Moneyball Lacrosse: Stats of the Week

Joe Keegan

MLL Press Box is teaming up with Moneyball Lacrosse to examine the world of Major League Lacrosse through a statistical lense. This weekly feature will analyze the stats beyond goals and assists to expose fans to the undervalued elements of the game that could be considered market inefficiencies in the sport.   


46.7%: Myles Jones’ dodge-to-shoot percentage.


Two games in, and neither the New York Lizards nor the Boston Cannons had an answer for Jones’ bruising dodging style. The Cannons threw James Fahey and Michael Pellegrino against Jones. They tried to shut him off with short-sticks. Every time, he still managed to get his hands free.


One matchup I’d be curious to see if they try once Brodie Merrill and Mitch Belisle return to shore up the backline: Bump Brandon Mullins (6-3, 225) up to LSM for a game. Only Jordan Wolf (7-for-16 off the dodge) has generated as many goals for himself as Jones has. They're the type of players who you need to throw the kitchen sink at. Prepare only one or two gameplans, and they might get too comfortable.



31.8%: Boston Cannons’ shooting percentage when dodging from X.


The Cannons shot a league-worst 16.2% on dodges from X last summer. So far in 2017, Rutgers’ product Scott Bieda (3G, 5A) has given them a much-needed presence behind the cage.


Bieda is running out of the box, and when teams elect to pole the red-hot Joe LoCascio, that means he is drawing a short-stick. Good things happen when Bieda inverts: Defenses get on the carousel and the ball spins around the perimeter.


7: Number of turnovers John Lade caused against Ohio Machine in Week 3.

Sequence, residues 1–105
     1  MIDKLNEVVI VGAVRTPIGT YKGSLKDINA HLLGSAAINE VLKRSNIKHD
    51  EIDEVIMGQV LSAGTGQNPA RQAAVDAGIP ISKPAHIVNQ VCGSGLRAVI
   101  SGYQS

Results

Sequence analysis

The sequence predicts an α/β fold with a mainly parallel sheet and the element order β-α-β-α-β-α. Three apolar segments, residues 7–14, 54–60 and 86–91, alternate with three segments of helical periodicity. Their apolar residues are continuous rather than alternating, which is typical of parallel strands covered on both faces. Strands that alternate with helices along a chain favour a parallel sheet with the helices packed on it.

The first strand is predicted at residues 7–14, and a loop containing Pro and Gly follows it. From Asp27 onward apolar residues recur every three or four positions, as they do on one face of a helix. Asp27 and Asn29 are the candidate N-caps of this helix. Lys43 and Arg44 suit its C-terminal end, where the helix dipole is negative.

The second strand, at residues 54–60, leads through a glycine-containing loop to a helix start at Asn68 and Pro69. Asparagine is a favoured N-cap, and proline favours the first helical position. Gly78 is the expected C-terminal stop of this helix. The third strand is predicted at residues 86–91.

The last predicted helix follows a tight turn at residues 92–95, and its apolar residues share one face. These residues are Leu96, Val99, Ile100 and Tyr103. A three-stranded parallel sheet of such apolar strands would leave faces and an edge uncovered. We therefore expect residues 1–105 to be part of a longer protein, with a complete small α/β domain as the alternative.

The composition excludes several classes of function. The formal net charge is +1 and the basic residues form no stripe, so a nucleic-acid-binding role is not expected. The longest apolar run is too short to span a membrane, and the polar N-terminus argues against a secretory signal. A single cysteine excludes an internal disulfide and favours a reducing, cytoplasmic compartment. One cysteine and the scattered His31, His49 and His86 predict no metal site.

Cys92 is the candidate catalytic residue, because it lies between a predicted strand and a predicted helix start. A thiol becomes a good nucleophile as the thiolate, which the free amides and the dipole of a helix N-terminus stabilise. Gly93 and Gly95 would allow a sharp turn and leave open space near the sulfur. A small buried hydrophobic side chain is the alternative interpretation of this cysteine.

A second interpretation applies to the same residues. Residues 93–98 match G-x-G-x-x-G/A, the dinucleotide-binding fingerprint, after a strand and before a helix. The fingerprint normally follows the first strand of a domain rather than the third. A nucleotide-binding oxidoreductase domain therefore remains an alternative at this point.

John Galloway refers to John Lade, Joel White and company as The Forest. Their uncanny ability to deflect passes (or to pluck passes cleanly out of the air) drives opponents wild. Opponents have historically struggled to produce quality catch-and-shoot looks against the Rattlers’ sliding scheme. Last summer, only 24.0% of assisted shots found the back of the cage.

John Lade.jpg


40%: Ryan Brown’s catch-and-shoot percentage.


The second-year sniper out of Johns Hopkins is tied for the league lead in goals, largely due to his off-ball play. Brown’s various release points and his range – both right-handed and left-handed – make him a threat from anywhere on the field. It’s tough to slide from him, or even to help off him on the weak-side. You’ll never get back to him in time. When defenders scurry toward the arc to get a stick on his hands, it sets up beautiful fakes, hitches and toe drags.


8: Second assist opportunities for Jake Bernhardt.


While 2016 MLL MVP Tom Schreiber is away from the team and Kyle Harrison is rehabbing his ankle, Jake Bernhardt has taken on an increased offensive role. He has generated the most second assist opportunities – i.e. whether or not the shot was a goal, Bernhardt was the second or “hockey” assist who facilitated it – in the league so far.


Bernhardt has also displayed high level passing directly to shooters. He is sending skip passes across the field, sneaking lever passes from his hip to teammates and dodging slides to buy time to dissect recovering defenses.


15.4%: Denver Outlaws’ opponents’ shooting percentage off two-man games.


Despite all the new faces brought in following Michael Skudin and Max Schmidt’s retirement, this Denver defense is locked in. Opponents are shooting a miserable 14.5% off the dodge and only 23.3% off the catch. Taking the top assignment each week is the second-year product out of Marquette: BJ Grill.


Grill has defended Joey Sankey (twice) and Rob Pannell. He has gone step-for-step with both, navigating picks along the way. The key to the Outlaws’ pick-and-roll defense is that they have rarely had to send a third defender. When they have a traditional short-stick defender like Noah Molnar playing with Grill, they’ll chip the ball-carrier to throw off the offense’s timing.


When an offensive Outlaw is trapped on defense, he’ll drop to give Grill room to get back on his matchup. Nobody above the cage budges in that second pick-and-roll, but Sankey forces a feed anyways.

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